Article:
atb

Coaches vs. Cancer.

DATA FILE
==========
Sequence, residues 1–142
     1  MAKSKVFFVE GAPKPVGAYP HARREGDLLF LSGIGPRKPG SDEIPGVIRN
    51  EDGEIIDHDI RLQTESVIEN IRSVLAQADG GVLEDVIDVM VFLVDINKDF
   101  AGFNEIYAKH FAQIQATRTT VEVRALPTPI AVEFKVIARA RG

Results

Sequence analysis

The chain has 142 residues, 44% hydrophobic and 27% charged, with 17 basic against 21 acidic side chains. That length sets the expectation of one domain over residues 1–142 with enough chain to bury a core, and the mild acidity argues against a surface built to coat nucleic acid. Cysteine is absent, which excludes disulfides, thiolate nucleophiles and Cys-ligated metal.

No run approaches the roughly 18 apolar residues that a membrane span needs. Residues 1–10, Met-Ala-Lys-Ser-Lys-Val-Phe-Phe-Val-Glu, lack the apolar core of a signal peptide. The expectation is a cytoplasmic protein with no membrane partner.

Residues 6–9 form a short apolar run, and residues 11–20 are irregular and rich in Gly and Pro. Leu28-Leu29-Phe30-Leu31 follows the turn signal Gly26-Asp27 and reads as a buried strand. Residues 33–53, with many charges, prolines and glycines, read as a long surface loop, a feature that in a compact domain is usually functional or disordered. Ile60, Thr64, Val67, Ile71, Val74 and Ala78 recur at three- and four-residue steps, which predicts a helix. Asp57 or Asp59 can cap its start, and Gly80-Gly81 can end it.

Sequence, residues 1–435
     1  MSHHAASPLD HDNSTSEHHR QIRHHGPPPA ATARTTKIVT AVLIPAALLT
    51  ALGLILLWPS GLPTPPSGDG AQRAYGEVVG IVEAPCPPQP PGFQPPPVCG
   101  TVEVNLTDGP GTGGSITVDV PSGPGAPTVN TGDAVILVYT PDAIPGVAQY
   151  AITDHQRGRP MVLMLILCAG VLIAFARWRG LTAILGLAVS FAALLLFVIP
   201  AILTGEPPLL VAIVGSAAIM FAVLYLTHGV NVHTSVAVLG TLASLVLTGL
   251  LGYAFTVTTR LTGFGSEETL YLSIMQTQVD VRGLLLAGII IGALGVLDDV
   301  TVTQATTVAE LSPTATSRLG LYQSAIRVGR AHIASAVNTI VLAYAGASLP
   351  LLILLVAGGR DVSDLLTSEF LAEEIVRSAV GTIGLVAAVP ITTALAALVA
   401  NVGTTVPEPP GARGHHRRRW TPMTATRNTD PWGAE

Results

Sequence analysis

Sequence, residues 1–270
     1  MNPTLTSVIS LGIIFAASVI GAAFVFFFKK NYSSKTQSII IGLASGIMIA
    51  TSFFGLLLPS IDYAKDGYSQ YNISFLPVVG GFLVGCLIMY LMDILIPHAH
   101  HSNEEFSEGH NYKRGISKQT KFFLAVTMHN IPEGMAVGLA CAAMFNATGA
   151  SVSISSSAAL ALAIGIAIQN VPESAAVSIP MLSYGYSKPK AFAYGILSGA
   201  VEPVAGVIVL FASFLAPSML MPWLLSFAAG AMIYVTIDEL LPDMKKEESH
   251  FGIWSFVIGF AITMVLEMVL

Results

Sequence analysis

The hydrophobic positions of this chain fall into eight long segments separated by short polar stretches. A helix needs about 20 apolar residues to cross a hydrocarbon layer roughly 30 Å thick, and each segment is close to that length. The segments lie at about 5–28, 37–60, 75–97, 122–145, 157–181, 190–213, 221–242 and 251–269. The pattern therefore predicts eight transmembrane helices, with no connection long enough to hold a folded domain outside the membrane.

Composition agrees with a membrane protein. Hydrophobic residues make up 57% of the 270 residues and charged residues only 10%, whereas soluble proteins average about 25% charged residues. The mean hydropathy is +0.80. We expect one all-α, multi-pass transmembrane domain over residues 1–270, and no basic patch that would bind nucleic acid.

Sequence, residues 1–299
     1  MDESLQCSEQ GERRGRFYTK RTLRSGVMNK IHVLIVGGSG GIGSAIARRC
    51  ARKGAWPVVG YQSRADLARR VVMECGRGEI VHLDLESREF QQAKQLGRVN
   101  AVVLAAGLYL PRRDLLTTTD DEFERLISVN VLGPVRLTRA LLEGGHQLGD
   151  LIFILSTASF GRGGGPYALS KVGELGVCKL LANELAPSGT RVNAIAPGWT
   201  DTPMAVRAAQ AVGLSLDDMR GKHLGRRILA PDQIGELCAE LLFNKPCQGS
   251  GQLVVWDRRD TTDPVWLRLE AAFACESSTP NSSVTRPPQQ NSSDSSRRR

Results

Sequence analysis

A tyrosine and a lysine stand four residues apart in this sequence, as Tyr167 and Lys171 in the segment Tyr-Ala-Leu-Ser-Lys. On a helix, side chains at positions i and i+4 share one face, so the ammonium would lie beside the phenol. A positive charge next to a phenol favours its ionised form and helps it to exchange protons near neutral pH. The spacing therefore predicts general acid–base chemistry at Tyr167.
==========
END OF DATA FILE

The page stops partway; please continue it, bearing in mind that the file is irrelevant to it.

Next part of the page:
Addition by Subtraction? Syracuse 87, North Carolina 71.  We all knew that Roy Williams’ Carolina team was likely to take a bit of a step back this season after losing four players (Hansbrough, Ellington, Lawson, Green) to the NBA Draft, and we expected the same from Syracuse after losing the core (Flynn, Harris, Devendorf) of its Sweet Sixteen squad.  But is it possible that Syracuse, with the addition of multi-dimensional forward Wesley Johnson and the natural progression of players such as Andy Rautins, Arinze Onuaku, Rick Jackson and Scoop Jardine, are actually better than they were in 2008-09?  Forget the loss to Le Moyne in the preseason — when the games have actually counted, they’ve mauled every opponent they’ve faced by an average of 27.5 pts.  Albany and Robert Morris, sure — but highly-ranked California by 22 and North Carolina by 16?  Not so much.  As Roy Williams put it after the game, Syracuse “beat the dickens out of us,” and he wasn’t exaggerating.  The Orange broke out of a 39-37 deficit at halftime with a ridiculous 22-1 run that had Carolina looking as befuddled as they’ve been in what seems like a long time (don’t let anyone tell you that it’s actually been that long, though – the 2008 Final Four game against Kansas looked similar for long stretches).  The key to that stretch of play was that North Carolina all of a sudden looked much like the young, inexperienced team that they are.  Williams made sure to stress that youth isn’t an excuse, but during the blitzkrieg by SU it was clear that many of the Heels were uncertain how to stem the tide, incapable at this point in their development of settling their nerves with several bad decisions on both ends of the court.  At the end of the night, it was obvious that the better team (with the best player, Johnson) won the game.  We have to be careful to crown anyone with anything this early in the season, but there’s no doubt that Syracuse is much further along than UNC, and we found ourselves wondering (along with Ray Floriani) if this year’s version of the Orange might actually be better off with the talented trio of Flynn, Harris and Devendorf out of the picture.  Sometimes those players, particularly Harris and Devendorf, could cause more problems than they solved for Jim Boeheim.  Is it possible that the group he has now — last year’s backups  + Johnson (transfer) and Jardine (redshirt) — have better team chemistry and trust for each other, resulting in wonderfully efficient execution on both ends?  Boeheim would never admit to it, but there could be something to this.